Months Of Protests Roil Iraq's Oil Capital Basra Iraqis have been protesting over faltering public services and lack of jobs in Basra, the country's main port city and the heart of its southern oil fields.
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Months Of Protests Roil Iraq's Oil Capital Basra

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Months Of Protests Roil Iraq's Oil Capital Basra

Months Of Protests Roil Iraq's Oil Capital Basra

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RACHEL MARTIN, HOST:

All right, Iraq is in the process of trying to form a new government, and it is already facing one of its first tests in the port city of Basra. Basra is the center of Iraq's oil industry. And in recent months, it's been the scene of unrest as residents blame leaders for power outages and badly contaminated water. Here's more from NPR's Jane Arraf.

JANE ARRAF, BYLINE: Ahmed Hussein, 23 and unemployed, turns on the tap in the courtyard of his house and tastes the water gushing out.

AHMED HUSSEIN: (Foreign language spoken).

ARRAF: He says it's really salty.

MONA HADI: (Foreign language spoken).

ARRAF: His mother, Mona Hadi, says she can't even cook with it. People get sick if they drink it. They scrape together money to buy tanks of water instead.

HADI: (Foreign language spoken).

ARRAF: Basra's decrepit water treatment plants can't cope with the saline water caused by drought and dams upstream in Iran and Turkey that have cut the freshwater supply. The water is so contaminated, thousands of people have been hospitalized after consuming it. Others suffered just from washing with it.

ABBAS KHUTHAYAR: (Foreign language spoken).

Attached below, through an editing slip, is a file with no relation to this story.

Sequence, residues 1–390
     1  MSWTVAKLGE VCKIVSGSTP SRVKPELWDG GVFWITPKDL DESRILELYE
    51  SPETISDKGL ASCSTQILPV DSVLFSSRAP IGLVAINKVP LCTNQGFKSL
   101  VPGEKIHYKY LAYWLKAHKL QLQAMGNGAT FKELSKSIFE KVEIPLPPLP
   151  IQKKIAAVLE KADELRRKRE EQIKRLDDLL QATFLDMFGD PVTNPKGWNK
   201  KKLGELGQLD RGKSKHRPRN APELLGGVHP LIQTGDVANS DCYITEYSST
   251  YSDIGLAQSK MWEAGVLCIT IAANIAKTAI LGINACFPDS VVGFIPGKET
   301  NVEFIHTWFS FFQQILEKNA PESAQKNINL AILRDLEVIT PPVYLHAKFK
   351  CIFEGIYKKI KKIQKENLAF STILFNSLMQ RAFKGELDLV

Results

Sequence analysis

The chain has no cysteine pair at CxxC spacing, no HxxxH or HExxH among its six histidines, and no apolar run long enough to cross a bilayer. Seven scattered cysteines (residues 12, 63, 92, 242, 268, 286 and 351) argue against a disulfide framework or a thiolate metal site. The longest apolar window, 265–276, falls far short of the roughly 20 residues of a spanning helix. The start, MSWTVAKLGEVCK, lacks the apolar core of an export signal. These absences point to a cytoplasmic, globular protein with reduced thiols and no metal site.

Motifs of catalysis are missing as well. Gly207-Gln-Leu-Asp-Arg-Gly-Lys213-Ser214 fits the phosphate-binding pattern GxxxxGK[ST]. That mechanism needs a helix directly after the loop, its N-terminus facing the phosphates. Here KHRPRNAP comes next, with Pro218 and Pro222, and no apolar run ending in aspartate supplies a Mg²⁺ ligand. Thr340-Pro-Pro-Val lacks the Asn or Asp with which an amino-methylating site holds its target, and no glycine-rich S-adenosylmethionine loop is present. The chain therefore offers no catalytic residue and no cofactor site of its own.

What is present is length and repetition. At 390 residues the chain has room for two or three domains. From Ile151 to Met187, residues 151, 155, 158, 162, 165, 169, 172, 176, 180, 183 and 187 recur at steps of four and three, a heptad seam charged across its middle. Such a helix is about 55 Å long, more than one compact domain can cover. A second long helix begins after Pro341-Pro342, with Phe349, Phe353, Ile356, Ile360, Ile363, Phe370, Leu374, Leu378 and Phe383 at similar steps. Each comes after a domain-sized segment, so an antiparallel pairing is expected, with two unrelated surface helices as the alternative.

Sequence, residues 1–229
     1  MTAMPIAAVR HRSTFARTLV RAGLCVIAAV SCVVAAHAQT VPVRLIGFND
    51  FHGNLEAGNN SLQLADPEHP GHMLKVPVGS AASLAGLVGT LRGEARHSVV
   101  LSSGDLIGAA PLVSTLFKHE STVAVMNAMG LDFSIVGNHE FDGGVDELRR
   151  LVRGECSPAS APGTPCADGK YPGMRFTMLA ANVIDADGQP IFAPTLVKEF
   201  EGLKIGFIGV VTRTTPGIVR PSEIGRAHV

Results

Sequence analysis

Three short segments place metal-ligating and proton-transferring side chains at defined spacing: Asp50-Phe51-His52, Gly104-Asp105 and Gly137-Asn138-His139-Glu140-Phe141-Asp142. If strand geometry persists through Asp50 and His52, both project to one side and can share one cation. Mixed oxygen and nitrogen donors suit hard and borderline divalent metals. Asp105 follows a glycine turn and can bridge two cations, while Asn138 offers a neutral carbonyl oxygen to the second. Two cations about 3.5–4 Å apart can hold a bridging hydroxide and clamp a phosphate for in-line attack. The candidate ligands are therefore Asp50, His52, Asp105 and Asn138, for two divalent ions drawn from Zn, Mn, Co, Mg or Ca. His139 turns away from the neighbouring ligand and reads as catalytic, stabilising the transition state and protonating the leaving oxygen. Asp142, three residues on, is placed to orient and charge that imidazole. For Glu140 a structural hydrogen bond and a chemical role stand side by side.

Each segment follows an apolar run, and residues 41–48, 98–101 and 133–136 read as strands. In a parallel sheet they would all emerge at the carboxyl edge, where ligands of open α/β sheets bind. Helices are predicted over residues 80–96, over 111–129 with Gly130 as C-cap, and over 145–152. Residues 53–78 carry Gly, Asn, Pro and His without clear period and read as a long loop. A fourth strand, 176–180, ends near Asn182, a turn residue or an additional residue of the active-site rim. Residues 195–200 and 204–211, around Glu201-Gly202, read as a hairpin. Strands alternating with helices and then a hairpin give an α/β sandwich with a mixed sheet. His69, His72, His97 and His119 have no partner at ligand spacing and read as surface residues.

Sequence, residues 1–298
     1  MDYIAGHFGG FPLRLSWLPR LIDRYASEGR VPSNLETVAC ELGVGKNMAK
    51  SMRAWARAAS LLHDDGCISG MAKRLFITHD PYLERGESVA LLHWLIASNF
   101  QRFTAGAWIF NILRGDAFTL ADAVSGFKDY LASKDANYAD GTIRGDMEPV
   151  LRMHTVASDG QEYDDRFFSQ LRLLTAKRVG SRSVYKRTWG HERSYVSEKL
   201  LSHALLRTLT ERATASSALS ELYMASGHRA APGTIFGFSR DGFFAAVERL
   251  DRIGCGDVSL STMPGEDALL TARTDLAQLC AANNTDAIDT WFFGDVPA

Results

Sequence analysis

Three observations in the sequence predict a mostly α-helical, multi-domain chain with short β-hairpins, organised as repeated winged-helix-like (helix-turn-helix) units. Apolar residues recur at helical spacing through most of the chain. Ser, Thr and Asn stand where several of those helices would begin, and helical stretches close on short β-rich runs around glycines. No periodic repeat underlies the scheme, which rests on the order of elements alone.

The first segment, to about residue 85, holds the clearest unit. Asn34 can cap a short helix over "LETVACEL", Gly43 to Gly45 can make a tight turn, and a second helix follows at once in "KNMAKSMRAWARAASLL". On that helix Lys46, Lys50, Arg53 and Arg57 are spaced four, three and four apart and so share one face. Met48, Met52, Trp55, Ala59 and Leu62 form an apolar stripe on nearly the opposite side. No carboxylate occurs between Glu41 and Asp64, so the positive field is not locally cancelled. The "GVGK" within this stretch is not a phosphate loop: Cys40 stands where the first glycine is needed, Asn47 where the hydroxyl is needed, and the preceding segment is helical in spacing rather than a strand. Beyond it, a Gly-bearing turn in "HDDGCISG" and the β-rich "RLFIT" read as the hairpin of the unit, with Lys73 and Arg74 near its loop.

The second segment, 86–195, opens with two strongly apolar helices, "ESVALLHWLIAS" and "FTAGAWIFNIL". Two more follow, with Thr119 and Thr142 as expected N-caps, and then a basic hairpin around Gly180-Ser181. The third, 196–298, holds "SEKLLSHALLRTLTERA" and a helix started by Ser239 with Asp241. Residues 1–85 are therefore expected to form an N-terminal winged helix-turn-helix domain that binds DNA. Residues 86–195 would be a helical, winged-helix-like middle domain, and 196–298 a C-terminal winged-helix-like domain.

ARRAF: Abbas Khuthayar calls over his son and daughter. Hussein lifts up his shirt. Azal rolls up her sleeve.

KHUTHAYAR: (Foreign language spoken).

ARRAF: The little boy's stomach and the girl's arms are covered in raised pink and white welts from bathing in the water. The local mosque has been handing out a cream to treat it. Most people can't afford medicine here.

Basra should be rich. It's Iraq's oil hub. But even if you're in a wealthy neighborhood, the government still doesn't provide basic services. Khuthayar says that's why there's so much support for the demonstrations.

KHUTHAYAR: (Through interpreter) The protests are for water and jobs and electricity and health care. If you don't have money here, you die.

(SOUNDBITE OF MUSIC)

UNIDENTIFIED SINGERS: (Singing in foreign language).

ARRAF: Neighborhoods like this one, al-Aleea, sprung up after Saddam Hussein was toppled in 2003, when people squatted on land and began building. You can hear Shia religious music playing from houses during religious commemorations.

This neighborhood is little alleys. And a lot of the houses here - well, they're not really houses. They're concrete blocks with scrap metal piled on top for roofs. And there's trash everywhere.

(SOUNDBITE OF MUSIC)

UNIDENTIFIED SINGERS: (Singing in foreign language).

ARRAF: In the 1990s Basra's Shia population rebelled against Saddam. They suffered terribly for it. It's hard to believe. But even here, 15 years of neglect and corruption have sparked a nostalgia for those days.

ALLA JAWAD: (Foreign language spoken).

ARRAF: "It was a state, a state with laws," says Alla Jawad, a security guard. He says, "now we don't have a functioning state, and people still don't have rights."

Jane Arraf, NPR News, Basra.

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